I’ve tak­en the lib­er­ty of using this descrip­tion from the Cen­ter for Spo­ken Lan­guage Under­stand­ing at Ore­gon Health and Sci­ence Uni­ver­si­ty. Prosody involves “…the melody, tim­ing and into­na­tion of speech, refers to the ‘how it is said’ not to the ‘what is said’ of lan­guage”. “We use prosody to con­vey mean­ing, intent and emo­tions. The ways in which we empha­size or express what we say is incred­i­bly impor­tant in con­vey­ing the cor­rect mean­ing of our statements”.

Now I under­stand why my own use of lan­guage with young chil­dren is so effec­tive. I have learned over time to use a range of emo­tions, tones and inflec­tions to get my mean­ing across and, because I am a fair­ly bal­anced human being I do not get angry with tiny babies and toddlers.

I find that many of my col­leagues and par­ents I know are ‘over the top’ in many of their emo­tions. They are often too ver­bal­ly and phys­i­cal­ly affec­tion­ate in words, tone and action (artif­i­cal­ly so in many cas­es — using words every­one expects them to say but with­out real­ly mean­ing what they are say­ing) and well before a child is ready or skilled enough to respond, oth­er than refus­ing to approach that person!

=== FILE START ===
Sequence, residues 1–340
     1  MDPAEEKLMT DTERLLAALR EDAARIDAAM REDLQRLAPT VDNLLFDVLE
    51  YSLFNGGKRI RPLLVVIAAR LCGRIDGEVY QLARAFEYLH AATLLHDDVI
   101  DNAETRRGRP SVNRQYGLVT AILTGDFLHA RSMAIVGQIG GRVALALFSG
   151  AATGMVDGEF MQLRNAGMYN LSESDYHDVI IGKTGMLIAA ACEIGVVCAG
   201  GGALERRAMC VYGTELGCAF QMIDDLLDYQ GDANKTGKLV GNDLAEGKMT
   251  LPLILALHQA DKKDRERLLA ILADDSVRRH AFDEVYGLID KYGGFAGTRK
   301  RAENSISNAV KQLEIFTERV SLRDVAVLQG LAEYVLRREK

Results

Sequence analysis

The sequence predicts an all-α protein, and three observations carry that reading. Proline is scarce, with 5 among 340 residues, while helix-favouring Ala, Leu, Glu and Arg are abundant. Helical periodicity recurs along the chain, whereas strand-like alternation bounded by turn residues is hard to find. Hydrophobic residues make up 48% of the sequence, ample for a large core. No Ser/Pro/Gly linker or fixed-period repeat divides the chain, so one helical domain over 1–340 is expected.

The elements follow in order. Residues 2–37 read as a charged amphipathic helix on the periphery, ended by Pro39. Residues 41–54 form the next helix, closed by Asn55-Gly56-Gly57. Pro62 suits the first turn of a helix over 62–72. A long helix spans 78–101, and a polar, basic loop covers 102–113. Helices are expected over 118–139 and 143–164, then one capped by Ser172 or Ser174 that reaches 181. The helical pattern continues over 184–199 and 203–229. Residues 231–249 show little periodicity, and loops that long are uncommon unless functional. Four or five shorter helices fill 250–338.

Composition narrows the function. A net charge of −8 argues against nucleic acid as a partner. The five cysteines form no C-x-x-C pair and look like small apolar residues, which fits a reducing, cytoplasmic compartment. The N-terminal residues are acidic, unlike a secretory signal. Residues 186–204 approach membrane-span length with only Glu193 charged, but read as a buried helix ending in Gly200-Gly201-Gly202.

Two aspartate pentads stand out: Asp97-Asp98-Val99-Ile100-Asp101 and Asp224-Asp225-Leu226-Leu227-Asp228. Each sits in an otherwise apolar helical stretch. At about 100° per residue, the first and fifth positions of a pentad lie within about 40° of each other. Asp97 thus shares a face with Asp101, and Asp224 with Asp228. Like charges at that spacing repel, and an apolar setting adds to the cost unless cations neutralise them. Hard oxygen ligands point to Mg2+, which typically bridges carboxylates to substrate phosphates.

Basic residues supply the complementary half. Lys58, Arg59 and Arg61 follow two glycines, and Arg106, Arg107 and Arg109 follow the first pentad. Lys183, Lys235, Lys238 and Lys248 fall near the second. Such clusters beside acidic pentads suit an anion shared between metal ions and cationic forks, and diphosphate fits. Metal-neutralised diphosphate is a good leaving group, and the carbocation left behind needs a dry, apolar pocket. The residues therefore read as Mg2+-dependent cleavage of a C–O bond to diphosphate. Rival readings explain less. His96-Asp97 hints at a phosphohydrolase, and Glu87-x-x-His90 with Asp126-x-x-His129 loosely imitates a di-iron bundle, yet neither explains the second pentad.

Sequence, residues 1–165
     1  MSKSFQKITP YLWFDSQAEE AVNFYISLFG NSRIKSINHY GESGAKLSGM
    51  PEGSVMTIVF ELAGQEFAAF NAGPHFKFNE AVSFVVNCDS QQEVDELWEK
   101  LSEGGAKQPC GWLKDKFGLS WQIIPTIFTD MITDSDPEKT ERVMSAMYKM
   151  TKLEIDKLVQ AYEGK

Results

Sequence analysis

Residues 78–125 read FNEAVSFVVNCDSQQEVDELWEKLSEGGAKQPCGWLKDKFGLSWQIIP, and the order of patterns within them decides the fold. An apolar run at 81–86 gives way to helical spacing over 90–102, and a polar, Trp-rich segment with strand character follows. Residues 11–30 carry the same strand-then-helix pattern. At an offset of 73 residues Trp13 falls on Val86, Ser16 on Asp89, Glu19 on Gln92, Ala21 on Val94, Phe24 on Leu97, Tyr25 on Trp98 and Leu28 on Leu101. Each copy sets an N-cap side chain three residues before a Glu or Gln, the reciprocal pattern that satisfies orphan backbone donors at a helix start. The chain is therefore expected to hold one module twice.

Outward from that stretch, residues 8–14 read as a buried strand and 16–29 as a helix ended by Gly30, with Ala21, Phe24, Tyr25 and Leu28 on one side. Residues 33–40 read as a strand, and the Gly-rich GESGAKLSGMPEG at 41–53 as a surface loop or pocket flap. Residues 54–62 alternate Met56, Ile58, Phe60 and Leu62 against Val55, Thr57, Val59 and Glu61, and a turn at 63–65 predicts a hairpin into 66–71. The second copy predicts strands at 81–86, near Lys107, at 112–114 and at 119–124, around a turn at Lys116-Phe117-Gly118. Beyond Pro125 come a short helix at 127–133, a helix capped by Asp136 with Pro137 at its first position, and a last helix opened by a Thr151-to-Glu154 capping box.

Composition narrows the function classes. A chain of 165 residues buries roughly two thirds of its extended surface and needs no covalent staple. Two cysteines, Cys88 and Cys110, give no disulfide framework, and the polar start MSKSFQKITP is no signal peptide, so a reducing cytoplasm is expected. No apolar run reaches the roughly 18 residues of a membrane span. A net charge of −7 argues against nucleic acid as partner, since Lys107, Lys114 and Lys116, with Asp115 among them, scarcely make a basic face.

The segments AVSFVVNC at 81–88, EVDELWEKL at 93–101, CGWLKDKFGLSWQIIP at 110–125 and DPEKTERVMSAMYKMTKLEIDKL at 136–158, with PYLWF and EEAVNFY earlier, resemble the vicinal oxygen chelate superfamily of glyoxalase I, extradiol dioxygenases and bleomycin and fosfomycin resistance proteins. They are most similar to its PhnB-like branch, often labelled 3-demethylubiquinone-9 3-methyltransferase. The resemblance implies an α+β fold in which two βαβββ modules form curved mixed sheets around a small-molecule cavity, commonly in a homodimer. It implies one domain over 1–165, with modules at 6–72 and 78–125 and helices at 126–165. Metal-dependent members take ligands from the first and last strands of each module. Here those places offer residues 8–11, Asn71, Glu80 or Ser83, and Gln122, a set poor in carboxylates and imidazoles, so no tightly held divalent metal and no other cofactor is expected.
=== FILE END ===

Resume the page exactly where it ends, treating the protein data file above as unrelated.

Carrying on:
Those who work with young chil­dren need to be par­tic­u­lar­ly well bal­anced in their deliv­ery of phys­i­cal care and lan­guage in order for their charges to trust them and there­by make excel­lent ver­bal, phys­i­cal and emo­tion­al progress. 

Chil­dren who don’t make excel­lent progress in all realms (those who fail to thrive) often have par­ents who lack bal­anced emo­tion­al reac­tions too. It doesn’t make them bad peo­ple but their own emo­tions and often stilt­ed use of lan­guage def­i­nite­ly affect their children’s devel­op­ment in a neg­a­tive way.

So, when any one of us doesn’t ‘get it right’ in the first year or two of life we ‘get it wrong’ and chil­dren are then set up for a poor (less than opti­mal) devel­op­men­tal trajectory.

Remem­ber — prosody’s the word, I hear the oppo­site every day!